In any event, and for the reasons set forth in greater detail below, I also disagree if the majority, by holding that the landlord did not establish the tenant's nonprimary use of the apartment by “preponderant evidence,” means that the landlord did not satisfy its initial burden. In addition to the documentary evidence of the tenant's credit card transactions and “negligible” electric usage, two of the four statutory factors that may be weighed as evidence of nonprimary use point in favor of the landlord's position. Moreover, the tenant failed to rebut this documentary evidence with objective, empirical proof that she maintained a “substantial nexus” to the subject premises during the relevant period. Specifically, the testimony of her witnesses, who were other residents of the building, does not comport with the type of testimony that has been accepted by this Court to establish primary residence use of a rent-stabilized apartment. For example, the testimony of a tenant on which the majority relies and which includes the statement that the respondent tenant “would never be away from my purview” cannot be accepted as credible, but only as meaningless and useless hyperbole.
The record reflects that the tenant occupied a rent-stabilized apartment, owned by landlord, located on East 6th Street in Manhattan since 1980. Since 1989, she has also owned a residence in Vermont where her long-time companion resides permanently. In September 2006, the landlord served a notice of non-renewal on the tenant on the ground she had not used the apartment as her primary residence in 2004–2006. By holdover petition, the landlord sought a final judgment of possession on nonprimary residence grounds. The tenant denied the allegation, and a nonjury trial was held in December 2007.
The Civil Court found in favor of the landlord, basing its decision primarily on the tenant's bank and credit card transactions. The court determined the tenant's location by counting the days between two Vermont transactions as time spent in Vermont, and days between two New York transactions as time spent by the tenant in New York. Accordingly, the court found that the tenant spent 45% of the relevant period in New York, and the remaining 55% in Vermont. Thus, the court concluded that the tenant resided in New York less than 183 days per calendar year. It also noted that the tenant owned a vehicle that was registered in Vermont, and the tenant held a Vermont driver's license. The court refused to credit testimony from witnesses regarding the tenant's “continual” presence in New York on the ground that neither the witnesses nor the tenant were able to identify specific dates or point to specific blocks of time when the tenant was in New York. Appellate Term affirmed, holding that a “fair interpretation of the evidence” supported the Civil Court's determination. The Appellate Term focused on the “negligible” electric usage in the New York apartment and the Vermont address used by the tenant for her driver's license and vehicle registration. The Appellate Term also found it significant that the tenant's long-time companion resided at the Vermont house, and that the tenant acknowledged she spent a “substantial” amount of time at the Vermont residence.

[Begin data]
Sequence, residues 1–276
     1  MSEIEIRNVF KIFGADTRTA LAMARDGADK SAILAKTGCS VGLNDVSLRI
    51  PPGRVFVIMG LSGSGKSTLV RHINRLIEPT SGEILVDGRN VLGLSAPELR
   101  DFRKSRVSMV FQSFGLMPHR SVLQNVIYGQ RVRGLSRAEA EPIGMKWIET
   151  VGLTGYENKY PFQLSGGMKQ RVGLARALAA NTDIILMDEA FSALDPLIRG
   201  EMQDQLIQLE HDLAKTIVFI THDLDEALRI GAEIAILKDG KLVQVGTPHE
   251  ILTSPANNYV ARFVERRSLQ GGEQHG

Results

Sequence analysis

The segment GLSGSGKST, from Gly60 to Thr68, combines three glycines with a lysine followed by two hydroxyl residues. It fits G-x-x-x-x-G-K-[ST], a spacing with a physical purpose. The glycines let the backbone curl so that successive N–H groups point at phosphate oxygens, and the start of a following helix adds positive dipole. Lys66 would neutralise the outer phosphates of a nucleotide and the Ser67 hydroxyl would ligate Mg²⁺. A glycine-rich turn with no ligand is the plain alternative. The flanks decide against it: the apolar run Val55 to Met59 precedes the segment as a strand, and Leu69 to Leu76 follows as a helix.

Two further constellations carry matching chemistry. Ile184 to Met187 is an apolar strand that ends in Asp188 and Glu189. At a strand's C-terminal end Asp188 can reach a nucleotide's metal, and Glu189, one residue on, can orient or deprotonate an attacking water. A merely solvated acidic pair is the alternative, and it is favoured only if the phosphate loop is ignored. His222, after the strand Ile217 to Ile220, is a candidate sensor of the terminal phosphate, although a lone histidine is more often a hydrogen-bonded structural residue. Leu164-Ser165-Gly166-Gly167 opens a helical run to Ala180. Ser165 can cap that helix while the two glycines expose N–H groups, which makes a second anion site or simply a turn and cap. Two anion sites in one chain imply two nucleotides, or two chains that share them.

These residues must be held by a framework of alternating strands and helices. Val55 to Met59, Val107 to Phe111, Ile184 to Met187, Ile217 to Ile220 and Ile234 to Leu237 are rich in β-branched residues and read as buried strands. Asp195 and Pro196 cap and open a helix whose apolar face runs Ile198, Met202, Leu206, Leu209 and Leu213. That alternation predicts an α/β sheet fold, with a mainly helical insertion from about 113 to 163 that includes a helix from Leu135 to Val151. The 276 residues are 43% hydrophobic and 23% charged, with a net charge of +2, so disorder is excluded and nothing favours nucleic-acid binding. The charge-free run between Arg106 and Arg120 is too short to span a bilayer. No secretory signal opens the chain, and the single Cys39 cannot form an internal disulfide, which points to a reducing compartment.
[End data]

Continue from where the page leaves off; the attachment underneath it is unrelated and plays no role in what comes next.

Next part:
For the reasons set forth below, I would affirm. As previously noted, it is well settled that in nonprimary residence actions, “the decision of the fact-finding court should not be disturbed upon appeal unless it is obvious that the court's conclusions [cannot] be reached under any fair interpretation of the evidence.” Claridge Gardens, 160 A.D.2d 544, 554 N.Y.S.2d at 194 (emphasis added); see also AGCO Corp., 61 A.D.3d at 563–564, 878 N.Y.S.2d at 22. This is especially true when the “findings of fact rest in large measure on considerations relating to the credibility of witnesses.” Claridge Gardens, 160 A.D.2d at 545, 554 N.Y.S.2d at 194.
The landlord bears the initial burden of establishing by a preponderance of the evidence that the tenant is not occupying the subject apartment as his or her primary residence. See Glenbriar Co. v. Lipsman, 5 N.Y.3d 388, 804 N.Y.S.2d 719, 838 N.E.2d 635 (2005). If the landlord satisfies its initial burden, the tenant may rebut the evidence by demonstrating “a substantial physical nexus to the apartment.” 5 N.Y.3d at 393, 804 N.Y.S.2d at 722, 838 N.E.2d 635, citing Draper v. Georgia Props., 94 N.Y.2d 809, 811, 701 N.Y.S.2d 322, 323, 723 N.E.2d 71, 72 (1999). The tenant must satisfy this burden with “objective, empirical evidence.” Emay Props. Corp. v. Norton, 136 Misc.2d 127, 128–129, 519 N.Y.S.2d 90, 91 (App. Term, 1st Dept.1987). However, the ultimate burden of persuasion remains with the landlord. Emel Realty Corp. v. Carey, 188 Misc.2d 280, 282–283, 729 N.Y.S.2d 228, 230–231 (App. Term, 1st Dept.2001 per curiam), affd., 288 A.D.2d 163, 733 N.Y.S.2d 188 (1st Dept.2001).
The term “primary residence” has not been defined by statute. Katz Park Ave. Corp. v. Jagger, 11 N.Y.3d 314, 317, 869 N.Y.S.2d 4, 5, 898 N.E.2d 17, 18 (2008). However, the Rent Stabilization Code provides a list of factors that may be considered as evidence in determining whether a rent-stabilized apartment is a tenant's primary residence. See Rent Stabilization Code (9 N.Y.C.R.R.) § 2520.6(u). The factors include (1) the tenant's use or nonuse of the apartment address on a tax return, motor-vehicle registration, driver's license, or other publicly filed document, (2) the tenant's use or nonuse of the apartment's address as a voting address, (3) whether the tenant has lived in the apartment for fewer than 183 days in a calendar year, and (4) whether the tenant has subleased the apartment. See id.